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Lecture | LIAS Lunch Talk Series

Blood, Tears and Samurai Love: A Tragic Tale from Eighteenth-Century Japan

Wednesday 8 March 2023

1.04 (Verbarium)


This talk aims to introduce a joint Leiden-Yale digital research project centred on a unique early eighteenth-century Japanese manuscript acquired by Yale’s Beinecke Rare Books Library in 2017 (working title: Shudō tsuya monogatari). Set in 1714 in northwestern Japan, the anonymous work describes a samurai same-sex love affair and its tragic consequences. As such, it provides a rare example of an early modern ‘true-record-book’ (jitsuroku-bon)  – a book of rumours surrounding actual events and scandals, illicitly circulating in handwritten manuscript form – on the subject of male same-sex love.

Yale University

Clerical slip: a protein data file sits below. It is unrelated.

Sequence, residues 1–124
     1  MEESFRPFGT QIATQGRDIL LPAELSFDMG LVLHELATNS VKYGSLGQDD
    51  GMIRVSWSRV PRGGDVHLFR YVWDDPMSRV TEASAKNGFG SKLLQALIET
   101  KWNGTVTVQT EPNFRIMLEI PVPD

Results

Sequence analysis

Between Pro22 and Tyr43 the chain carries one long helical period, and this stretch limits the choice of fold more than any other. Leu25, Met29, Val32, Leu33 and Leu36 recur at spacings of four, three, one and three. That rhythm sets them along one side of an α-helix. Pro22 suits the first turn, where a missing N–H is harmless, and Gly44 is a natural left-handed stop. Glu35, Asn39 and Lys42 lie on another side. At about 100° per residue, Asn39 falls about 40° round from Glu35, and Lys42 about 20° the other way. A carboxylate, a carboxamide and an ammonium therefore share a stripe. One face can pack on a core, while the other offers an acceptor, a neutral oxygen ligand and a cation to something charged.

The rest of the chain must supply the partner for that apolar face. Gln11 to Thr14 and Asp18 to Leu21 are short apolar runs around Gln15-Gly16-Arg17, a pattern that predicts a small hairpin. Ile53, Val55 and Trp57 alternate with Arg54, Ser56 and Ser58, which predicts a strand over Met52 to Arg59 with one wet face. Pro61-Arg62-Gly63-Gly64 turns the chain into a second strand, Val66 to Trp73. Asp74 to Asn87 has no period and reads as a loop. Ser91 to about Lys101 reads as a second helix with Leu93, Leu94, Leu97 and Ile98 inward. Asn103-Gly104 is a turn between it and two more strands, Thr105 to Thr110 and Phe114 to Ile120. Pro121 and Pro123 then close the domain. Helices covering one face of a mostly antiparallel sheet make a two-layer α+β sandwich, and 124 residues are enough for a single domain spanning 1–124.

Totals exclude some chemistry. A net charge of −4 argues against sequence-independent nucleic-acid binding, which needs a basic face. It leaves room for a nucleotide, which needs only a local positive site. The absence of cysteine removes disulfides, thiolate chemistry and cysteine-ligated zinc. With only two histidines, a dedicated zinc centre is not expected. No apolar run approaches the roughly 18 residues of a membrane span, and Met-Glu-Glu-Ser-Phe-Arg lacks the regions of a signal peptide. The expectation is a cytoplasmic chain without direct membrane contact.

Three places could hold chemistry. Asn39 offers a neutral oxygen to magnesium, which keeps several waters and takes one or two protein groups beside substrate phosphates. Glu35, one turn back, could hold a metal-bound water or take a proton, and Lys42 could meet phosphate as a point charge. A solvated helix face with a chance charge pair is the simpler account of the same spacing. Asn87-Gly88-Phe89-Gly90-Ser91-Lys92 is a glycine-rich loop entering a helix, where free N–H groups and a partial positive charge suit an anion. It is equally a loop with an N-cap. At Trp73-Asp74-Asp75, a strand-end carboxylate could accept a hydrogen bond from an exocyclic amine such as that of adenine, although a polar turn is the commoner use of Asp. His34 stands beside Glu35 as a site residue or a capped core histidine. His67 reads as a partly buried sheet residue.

Shūdō tsuya monogatari, 1714 (19b-20a). General Collection, Beinecke Rare Book and Manuscript Library, Yale University.

About the speaker

Angelika Koch is Assistant Professor in Premodern Japanese History at Leiden University and specializes in the cultural history of early modern Japan, with a particular focus on the genders and sexualities. She completed her PhD at the University of Cambridge and is in the process of completing her first book project, which explores sexuality as a health and disease concept in the Edo period (1600-1868). Her publications include a chapter on ‘Sex in Eighteenth-Century Edo’ for the Cambridge World History of Sexualities (2023), ‘Nightless Cities: Timing the Pleasure Quarters in Early Modern Japan’ (KronoScope 17(1), 2017) and ‘Sexual Healing: Regulating Male Sexuality in Edo-period Books on “Nurturing Life”’ (International Journal of Asian Studies 10(2), 2013).

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